Another (satirical) write-up on how religious habits and sensibilities aren’t simply disposed of even in a secular culture — as too many imagine.
Coordinating Language and Experience
How should we understand the relationship between the contents of human experience and their articulation in language? Must mastery of a language be taken for granted before any particular experience is even available as a possible object of consciousness? Or is it the case that the notion of a pre-linguistic experience is perfectly intelligible?
This first pass, from Joseph Sittler, draws a soft/moderate line. Sittler claims that language serves only as a sufficient condition for some experiences. Language can broaden our field of experience, but he remains silent as to whether some experiences might still remain available to us prior to our induction into language.
We sometimes suppose that people look upon the world and find it beautiful and then look for a language with which to adorn what they behold. I think that is true, but it also works the other way. Sometimes we are partly blinded toward this world, and then someone puts the beauty of which we had not been aware into a gorgeous line. Thereafter we behold it in a new way. We go not only from beholding to language, but we may go from the beauty of language to the enhancement of beholding.
from Gravity & Grace: Reflections and Provocations (Augsburg, 1986), 84.
In contrast, this second remark, from George Lindbeck, takes a harder line. Here language is a necessary condition for any experience.
There are numberless thoughts we cannot think, sentiments we cannot have, and realities we cannot perceive unless we learn to use the appropriate symbol systems. …In short, it is necessary to have the means for expressing an experience in order to have it, and the richer our expressive or linguistic system, the more subtle, varied, and differentiated can be our experience.
from The Nature of Doctrine (Westminster Press, 1984), 34, 37.
It’s the categorical character of Lindbeck’s claim that makes it such a provocative one. But even if we don’t follow him all the way down that road, and leave open the door to the possibility of there being some pre-conceptual thoughts/pre-linguistic experiences, it’s still the case that a greater linguistic repertoire does expand one’s intellectual, emotional, and volitional capacities. That much should be uncontroversial. Either way, as Lindbeck has labored to demonstrate, this is a question of considerable theological consequence.
All that to say, the following clip offers a serviceable introduction to a version of this same question, though without an eye to its theological horizons. I wanted to share it here anyway because it’s still taking a crack at a question of interest across the humanities and beyond. It comes from the School of Life youtube channel. I won’t endorse all their productions, but I watched this one all the way through.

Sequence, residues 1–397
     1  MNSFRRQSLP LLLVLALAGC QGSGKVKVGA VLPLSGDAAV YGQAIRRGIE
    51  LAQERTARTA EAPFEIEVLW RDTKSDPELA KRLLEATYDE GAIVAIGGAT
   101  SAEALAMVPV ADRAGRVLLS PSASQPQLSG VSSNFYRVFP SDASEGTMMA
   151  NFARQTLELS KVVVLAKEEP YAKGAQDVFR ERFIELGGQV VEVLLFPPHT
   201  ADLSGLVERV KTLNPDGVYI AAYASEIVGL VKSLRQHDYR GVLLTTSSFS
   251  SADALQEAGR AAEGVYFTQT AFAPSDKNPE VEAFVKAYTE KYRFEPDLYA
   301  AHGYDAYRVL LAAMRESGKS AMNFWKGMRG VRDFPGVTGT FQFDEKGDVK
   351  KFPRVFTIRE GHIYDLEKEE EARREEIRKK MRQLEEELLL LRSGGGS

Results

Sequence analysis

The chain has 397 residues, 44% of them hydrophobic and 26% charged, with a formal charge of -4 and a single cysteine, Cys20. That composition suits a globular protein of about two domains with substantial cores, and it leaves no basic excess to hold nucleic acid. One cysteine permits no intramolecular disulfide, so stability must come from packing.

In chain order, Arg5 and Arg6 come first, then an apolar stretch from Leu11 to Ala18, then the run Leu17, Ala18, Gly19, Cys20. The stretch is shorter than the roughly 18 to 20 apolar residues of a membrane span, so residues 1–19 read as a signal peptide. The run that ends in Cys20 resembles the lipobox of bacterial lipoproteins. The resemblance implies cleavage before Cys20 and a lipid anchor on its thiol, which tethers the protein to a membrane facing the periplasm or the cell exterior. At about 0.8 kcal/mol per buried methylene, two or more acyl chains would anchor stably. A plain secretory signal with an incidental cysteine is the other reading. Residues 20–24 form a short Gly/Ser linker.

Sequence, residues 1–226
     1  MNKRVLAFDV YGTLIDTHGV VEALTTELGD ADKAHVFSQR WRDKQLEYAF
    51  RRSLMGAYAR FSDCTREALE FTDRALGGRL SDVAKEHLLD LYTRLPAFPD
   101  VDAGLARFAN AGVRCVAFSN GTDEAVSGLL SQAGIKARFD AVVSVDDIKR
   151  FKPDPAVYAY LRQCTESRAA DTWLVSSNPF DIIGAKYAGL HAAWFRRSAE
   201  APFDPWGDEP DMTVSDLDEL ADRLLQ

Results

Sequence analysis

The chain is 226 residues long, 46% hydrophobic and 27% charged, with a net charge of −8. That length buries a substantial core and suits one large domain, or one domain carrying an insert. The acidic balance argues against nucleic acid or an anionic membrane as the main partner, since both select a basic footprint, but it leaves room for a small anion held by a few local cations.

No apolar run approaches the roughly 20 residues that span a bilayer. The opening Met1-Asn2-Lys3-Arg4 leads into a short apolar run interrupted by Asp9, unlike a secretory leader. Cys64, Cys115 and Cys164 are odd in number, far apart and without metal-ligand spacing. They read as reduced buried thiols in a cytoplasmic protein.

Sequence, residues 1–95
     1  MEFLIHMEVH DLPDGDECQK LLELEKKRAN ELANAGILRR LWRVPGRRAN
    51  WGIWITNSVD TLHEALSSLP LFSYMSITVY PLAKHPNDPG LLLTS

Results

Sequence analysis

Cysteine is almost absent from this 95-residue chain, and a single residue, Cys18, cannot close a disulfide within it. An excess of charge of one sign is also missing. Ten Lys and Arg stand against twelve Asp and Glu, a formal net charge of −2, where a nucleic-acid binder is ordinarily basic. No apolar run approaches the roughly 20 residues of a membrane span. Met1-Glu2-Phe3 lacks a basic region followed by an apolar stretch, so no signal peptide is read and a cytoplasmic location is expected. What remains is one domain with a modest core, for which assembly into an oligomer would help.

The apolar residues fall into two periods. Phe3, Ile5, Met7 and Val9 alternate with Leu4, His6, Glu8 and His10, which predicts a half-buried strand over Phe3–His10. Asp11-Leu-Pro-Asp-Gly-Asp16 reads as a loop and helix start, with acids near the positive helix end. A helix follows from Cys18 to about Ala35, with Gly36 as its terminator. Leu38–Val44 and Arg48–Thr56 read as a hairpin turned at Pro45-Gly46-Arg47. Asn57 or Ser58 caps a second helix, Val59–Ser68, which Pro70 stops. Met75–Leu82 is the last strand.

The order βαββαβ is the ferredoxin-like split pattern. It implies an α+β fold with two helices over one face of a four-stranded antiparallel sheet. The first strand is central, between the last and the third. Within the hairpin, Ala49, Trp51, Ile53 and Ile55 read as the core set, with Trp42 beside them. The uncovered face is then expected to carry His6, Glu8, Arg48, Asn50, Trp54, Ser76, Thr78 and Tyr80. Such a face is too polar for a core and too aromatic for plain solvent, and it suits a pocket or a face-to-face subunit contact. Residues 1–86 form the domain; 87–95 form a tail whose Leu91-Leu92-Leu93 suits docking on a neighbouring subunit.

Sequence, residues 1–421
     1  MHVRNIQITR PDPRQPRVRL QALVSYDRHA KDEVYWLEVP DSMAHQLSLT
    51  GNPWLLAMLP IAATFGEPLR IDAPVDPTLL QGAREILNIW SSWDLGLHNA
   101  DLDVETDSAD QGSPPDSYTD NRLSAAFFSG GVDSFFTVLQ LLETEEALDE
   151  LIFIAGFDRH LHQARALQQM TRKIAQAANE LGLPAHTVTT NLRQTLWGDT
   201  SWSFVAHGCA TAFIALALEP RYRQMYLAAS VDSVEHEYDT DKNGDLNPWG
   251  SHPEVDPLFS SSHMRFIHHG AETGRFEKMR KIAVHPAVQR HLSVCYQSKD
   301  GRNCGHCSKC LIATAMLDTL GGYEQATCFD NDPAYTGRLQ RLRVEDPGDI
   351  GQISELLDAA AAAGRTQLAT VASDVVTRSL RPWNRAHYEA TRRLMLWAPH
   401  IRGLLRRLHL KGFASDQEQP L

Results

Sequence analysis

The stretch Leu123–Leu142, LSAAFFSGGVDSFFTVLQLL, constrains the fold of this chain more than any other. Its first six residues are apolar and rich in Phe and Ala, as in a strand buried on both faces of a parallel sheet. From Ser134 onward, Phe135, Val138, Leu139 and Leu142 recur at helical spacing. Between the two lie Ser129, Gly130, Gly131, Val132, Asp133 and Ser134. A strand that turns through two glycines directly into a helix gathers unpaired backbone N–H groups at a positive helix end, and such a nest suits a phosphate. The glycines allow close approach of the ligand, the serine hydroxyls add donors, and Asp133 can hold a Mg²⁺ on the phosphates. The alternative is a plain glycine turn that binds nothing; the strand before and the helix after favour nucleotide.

To take us back to theology. If this thesis has any traction, it should give us reason to reevaluate the (in)dispensability of our inherited theological lexicon whenever we come to asking whether any given term has lost all cultural currency, and therefore should be dropped from our active vocabulary, or whether it remains the best tool at our disposal for bringing to experience its intended referent. Can we really do without talk of, say, confession and absolution, or would our world be made hellishly smaller without them?
If this seems like a topic of interest to you, you can dive deeper into this line of inquiry with the help of Charles Taylor’s The Language Animal: The Full Shape of the Human Linguistic Capacity, (Belknap, 2016).
(Primarily aimed at ministers. Some hard words, but I needed to hear them. Keller starts at 1:03.)
Alva Noë thinks the arts can actually teach us about ourselves, our lot in life, and our experience of the world around us. While this might seem like an unremarkable claim, among philosophers of art, this is no trivial thesis. As one kind of aesthetic cognitivist, Noë is thereby denying that the arts are primarily about, say, expressions of private taste or articulations of emotion.
The reason I’m drawing attention to this conversation at all is because I wouldn’t want to see others neglect aesthetics as I did in my undergrad philosophy days. This branch of philosophy stands to make an appreciable contribution to one’s general philosophical sensibilities if students would attend to its concerns and discursive practices — particularly if one’s previous exposure to philosophy has exaggerated its proximity to the sciences.
If you’d care to follow up, Noë further elaborates his take on art in an article here.
And for those specially intrigued, Noë also airs his thoughts in book-length form here.
It’s a few years old, but so what? It’s still Williams, and on point.
Just some food for thought. About a month ago David Brooks, in an opinion piece for the New York Times, offered some reflections on what he perceives as the burgeoning of a new cultural ethic of shame (as opposed to guilt). Thought I’d pass it along: “The Shame Culture.”
In the following video, Jeremy Begbie, professor of theology at Duke Div School, discusses some of the capacities of the arts, in this case music, to communicate some illuminating theological truths. Begbie also happens to be a talented pianist. So if you’ve got thirteen minutes, he’s worth a listen.